Decoding the Success of VIPKID, an EdTech Unicorn

Watch the webinar recording

On April 12, CKGSB Global MBA Program led a webinar titled “A Global EdTech Unicorn: Before, during and after COVID-19”. Cindy Mi, Founder and CEO of VIPKID, CKGSB Global MBA alumna, shared her stories of starting her own business, with takeaways for start-ups highlighted, and the opportunities and challenges for VIPKID brought about by COVID-19. Prof. LI Yang, Associate Professor of Marketing at CKGSB, ZHOU Li, Assistant Dean of CKGSB, and Lina Ayenew, Founder of Education for Ethiopia, CKGSB Global MBA class of 2019, participated in the panel with Cindy, shedding light on the heated topics concerning online education industry and business during the pandemic. This webinar is supported by VIPKID, China-Australia Chamber of Commerce, and the Swiss-Chinese Chamber of Commerce.

Quotes from Cindy’s Keynote

Takeaways for start-ups

1. The first Lesson l learnt is that “the fool’s window” is really important. When you have an amazing business idea or business model, you probably want to keep it low profile instead of having the world copy what you do. When you are growing like 20-30%, it’s better to do your business low key to preserve the fool’s window for as long as possible.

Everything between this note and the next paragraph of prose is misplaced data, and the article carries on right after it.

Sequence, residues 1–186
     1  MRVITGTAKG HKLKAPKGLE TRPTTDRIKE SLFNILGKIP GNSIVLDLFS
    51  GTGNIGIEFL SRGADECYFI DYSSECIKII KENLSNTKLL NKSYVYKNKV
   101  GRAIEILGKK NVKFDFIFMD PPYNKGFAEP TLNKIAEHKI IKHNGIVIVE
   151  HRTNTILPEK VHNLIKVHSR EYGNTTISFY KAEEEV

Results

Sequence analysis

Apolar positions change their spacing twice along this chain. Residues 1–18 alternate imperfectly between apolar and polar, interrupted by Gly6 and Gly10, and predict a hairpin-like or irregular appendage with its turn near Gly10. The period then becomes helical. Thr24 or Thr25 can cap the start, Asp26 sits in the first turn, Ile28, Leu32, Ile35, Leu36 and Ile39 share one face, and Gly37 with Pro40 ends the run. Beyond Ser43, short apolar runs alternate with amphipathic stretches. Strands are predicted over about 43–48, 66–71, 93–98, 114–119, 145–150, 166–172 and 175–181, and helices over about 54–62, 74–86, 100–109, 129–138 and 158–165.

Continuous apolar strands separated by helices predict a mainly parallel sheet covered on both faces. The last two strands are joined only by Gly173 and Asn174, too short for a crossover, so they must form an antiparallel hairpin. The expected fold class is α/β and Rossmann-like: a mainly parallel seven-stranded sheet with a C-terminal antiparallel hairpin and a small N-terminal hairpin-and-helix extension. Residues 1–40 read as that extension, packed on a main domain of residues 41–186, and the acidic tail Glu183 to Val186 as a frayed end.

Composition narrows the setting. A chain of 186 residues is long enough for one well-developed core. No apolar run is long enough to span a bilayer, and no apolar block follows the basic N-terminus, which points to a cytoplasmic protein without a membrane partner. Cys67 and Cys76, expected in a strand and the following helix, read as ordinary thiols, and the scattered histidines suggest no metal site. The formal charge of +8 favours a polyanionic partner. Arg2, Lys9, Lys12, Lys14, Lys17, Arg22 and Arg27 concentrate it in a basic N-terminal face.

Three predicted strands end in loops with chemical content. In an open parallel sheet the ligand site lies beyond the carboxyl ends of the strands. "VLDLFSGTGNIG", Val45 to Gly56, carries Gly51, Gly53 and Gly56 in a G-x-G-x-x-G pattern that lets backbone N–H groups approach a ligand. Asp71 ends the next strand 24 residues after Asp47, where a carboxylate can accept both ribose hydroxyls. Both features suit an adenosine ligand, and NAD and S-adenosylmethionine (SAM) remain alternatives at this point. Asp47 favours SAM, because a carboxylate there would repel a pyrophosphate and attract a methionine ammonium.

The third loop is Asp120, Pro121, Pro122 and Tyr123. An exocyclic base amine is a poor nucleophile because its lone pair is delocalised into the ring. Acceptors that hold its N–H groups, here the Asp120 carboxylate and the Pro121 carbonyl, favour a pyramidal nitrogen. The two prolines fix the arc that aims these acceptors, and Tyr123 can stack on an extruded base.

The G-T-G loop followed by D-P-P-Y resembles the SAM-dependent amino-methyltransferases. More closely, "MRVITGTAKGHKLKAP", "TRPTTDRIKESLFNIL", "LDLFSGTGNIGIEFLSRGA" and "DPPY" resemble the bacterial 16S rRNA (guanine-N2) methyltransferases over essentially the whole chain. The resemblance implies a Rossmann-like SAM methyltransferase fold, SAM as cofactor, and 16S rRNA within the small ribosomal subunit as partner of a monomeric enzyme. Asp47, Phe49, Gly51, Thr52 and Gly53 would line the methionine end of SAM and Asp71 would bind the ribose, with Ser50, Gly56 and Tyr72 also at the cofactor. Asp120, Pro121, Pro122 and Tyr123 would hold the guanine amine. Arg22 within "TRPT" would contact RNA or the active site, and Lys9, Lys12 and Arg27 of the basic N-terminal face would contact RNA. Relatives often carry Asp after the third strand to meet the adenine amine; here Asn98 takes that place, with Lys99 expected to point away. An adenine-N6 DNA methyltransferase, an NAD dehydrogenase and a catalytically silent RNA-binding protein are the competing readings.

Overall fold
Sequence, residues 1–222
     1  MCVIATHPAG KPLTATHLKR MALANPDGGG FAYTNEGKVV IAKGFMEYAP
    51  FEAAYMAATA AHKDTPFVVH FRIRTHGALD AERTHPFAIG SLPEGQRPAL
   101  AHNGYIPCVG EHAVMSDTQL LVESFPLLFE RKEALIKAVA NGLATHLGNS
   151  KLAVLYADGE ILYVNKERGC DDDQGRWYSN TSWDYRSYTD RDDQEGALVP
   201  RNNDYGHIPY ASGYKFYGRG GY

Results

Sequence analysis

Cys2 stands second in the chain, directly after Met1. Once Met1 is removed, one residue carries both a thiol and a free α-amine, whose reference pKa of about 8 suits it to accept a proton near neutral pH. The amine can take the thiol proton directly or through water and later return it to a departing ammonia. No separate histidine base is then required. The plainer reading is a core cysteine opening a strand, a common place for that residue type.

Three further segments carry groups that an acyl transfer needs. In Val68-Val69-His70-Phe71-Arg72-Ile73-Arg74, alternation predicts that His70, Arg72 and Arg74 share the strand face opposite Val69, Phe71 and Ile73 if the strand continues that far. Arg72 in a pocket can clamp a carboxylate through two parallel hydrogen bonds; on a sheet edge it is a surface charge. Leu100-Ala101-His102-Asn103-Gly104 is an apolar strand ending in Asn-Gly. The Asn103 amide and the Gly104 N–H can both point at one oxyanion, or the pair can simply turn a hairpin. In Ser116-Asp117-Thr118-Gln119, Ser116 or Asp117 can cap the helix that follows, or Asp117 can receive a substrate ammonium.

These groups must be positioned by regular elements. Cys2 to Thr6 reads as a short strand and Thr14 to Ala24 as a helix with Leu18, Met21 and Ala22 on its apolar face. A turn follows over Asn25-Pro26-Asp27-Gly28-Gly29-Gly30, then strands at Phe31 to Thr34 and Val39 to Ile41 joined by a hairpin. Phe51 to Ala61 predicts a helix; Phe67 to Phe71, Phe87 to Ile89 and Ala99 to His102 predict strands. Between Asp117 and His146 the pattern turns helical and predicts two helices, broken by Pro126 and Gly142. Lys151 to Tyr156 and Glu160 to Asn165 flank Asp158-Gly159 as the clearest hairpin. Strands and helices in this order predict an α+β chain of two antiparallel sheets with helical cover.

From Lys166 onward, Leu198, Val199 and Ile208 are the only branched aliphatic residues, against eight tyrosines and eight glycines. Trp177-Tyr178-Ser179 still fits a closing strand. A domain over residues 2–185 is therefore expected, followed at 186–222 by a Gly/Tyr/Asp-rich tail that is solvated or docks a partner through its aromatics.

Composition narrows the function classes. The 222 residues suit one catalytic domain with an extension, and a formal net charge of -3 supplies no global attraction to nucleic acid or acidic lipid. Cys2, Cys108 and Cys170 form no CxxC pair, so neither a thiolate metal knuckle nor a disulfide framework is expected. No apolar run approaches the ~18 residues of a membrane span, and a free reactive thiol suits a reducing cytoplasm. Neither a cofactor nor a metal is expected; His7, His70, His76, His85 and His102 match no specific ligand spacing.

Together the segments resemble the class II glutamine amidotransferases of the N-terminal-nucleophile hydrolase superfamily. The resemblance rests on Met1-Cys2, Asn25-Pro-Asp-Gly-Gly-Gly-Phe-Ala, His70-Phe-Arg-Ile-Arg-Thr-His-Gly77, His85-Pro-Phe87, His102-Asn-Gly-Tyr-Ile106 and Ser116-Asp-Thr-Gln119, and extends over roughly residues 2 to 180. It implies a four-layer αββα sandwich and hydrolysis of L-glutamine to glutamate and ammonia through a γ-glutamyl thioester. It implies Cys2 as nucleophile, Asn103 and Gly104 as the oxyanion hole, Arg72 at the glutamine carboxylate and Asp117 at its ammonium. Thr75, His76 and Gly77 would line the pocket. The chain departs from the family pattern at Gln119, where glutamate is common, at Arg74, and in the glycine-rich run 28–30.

2. The most important lesson I learnt is supply and demand. We always need to focus on the customers’ value, which in our world is the students’ success and the teachers’ success. 

3. Quality, scale and efficiency. If you want to build a great company that will last, you got to have them all.

Entrepreneurial spirit

1. I always think beyond business. I always think about education for common good. Our mission is to inspire and empower every child for the future.

2. Professor LIU Jing at CKGSB said something to me, which I think is the milestone of me making the decision of building something new. He said: “If you can figure out a way to change things, why don’t you be the change you wish to see?”

3.The classroom hasn’t changed in the past 200 years. Students learn the same text books, and are evaluated in the same way, which I think is a very impersonalized learning experience. I made it my dream to build a global classroom with technology where children can be the best of themselves, and learn in different ways.

 

Notes of Panel Session

We’ve seen a surge in demand of online education as the pandemic spreads globally. How does your business respond to the impacts brought by COVID-19?

Cindy Mi: Before Chinese New Year, we started to feel the virus outbreak would have an impact on our operations, employees, teachers, and our students.